“He opposes many of the civil liberties that Americans take for granted, including equal rights, dissent from religion, and even free speech. He clearly sees government as a servant and instrument of the church.”

_ Ellen Johnson, president of American Atheists, based in Parsippany, N.J.

“We look forward to his papacy with deep joy and great hope for the future. Pope Benedict XVI is a man of great compassion and great wisdom and we are confident that the Holy Spirit worked through the conclave to guide his election.”

_ Eric McFadden, president, Catholics for Faithful Citizenship, a progressive grass-roots group led by American lay Catholics

“I personally greet Cardinal Ratzinger’s selection with profound disappointment. Cardinal Ratzinger’s long tenure in the Vatican has been marked by a theological tone that is rigid, conservative and confrontational.”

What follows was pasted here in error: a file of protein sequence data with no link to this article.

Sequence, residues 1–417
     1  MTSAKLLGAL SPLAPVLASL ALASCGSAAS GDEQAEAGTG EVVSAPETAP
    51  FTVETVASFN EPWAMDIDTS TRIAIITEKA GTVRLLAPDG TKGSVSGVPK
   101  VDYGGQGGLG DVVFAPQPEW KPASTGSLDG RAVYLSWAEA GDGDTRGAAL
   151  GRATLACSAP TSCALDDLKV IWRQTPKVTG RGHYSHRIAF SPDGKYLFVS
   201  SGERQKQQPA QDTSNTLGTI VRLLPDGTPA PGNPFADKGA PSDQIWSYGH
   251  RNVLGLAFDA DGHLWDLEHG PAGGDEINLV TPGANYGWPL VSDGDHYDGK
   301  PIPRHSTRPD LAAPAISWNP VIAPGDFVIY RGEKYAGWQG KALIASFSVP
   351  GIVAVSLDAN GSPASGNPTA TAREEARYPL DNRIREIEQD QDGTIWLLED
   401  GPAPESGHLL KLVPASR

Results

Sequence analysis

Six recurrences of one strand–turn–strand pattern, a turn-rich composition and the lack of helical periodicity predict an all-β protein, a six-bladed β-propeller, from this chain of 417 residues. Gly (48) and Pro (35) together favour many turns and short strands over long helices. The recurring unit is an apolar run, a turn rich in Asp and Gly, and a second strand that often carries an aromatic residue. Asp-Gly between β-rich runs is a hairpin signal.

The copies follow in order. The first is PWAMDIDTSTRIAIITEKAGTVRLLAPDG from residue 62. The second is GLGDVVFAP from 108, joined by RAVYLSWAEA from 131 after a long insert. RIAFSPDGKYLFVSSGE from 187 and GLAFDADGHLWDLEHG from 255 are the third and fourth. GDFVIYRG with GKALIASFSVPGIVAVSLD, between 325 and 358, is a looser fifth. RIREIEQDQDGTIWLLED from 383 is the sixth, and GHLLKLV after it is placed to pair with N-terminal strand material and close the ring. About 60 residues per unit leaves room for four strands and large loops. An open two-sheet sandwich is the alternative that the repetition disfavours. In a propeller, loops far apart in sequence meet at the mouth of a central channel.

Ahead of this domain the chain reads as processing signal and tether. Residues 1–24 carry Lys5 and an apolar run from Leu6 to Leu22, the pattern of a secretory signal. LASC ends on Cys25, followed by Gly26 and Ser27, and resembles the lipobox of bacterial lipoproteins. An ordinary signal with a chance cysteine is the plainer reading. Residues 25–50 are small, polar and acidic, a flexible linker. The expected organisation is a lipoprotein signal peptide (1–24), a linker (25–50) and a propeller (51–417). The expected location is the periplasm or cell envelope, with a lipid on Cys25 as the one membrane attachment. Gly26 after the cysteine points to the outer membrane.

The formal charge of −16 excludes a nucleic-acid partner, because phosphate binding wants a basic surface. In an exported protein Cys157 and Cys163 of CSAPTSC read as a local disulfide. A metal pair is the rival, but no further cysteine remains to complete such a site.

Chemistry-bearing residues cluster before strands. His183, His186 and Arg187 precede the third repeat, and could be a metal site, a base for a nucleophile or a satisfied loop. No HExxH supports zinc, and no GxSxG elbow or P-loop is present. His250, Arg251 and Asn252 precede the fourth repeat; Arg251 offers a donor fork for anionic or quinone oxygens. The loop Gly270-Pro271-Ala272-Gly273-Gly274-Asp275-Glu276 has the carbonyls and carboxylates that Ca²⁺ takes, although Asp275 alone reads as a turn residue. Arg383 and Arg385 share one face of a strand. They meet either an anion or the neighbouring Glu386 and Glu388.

_ The Rev. John H. Thomas, United Church of Christ general minister and president

“His appointment is encouraging, and what we hope for as Hispanic Catholics is that with his blessing he addresses the issues concerning the growing number of Hispanics in the U.S. Catholic Church. Over 70 percent of Hispanics in the United States are Catholics; therefore it is important that the church embraces this gift.”

_ Armando Contreras, executive director, National Catholic Council for Hispanic Ministry, a network of ministries based in Phoenix

“There are good relations with him. Israel can certainly co-exist with him. But the real test will come over the course of time.”

_ Oded Ben-Hor, Israel’s ambassador to the Vatican, in an Army Radio report

“We hope that the new pope will give the church more roles in trying to solve the problems that the world is facing. We hope that he will continue the policy of John Paul II, who opposed the wall around the Palestinian territories and called for peace between the two peoples.”

_ Adnan Husseini, director of the Waqf, or Islamic Trust, in an Associated Press report

“Given his historical experience, we hope the new pope will be faithful to the commitment of the Catholic Church to fight anti-Semitism.”

_ Silvan Shalom, Israeli foreign minister, in an Associated Press report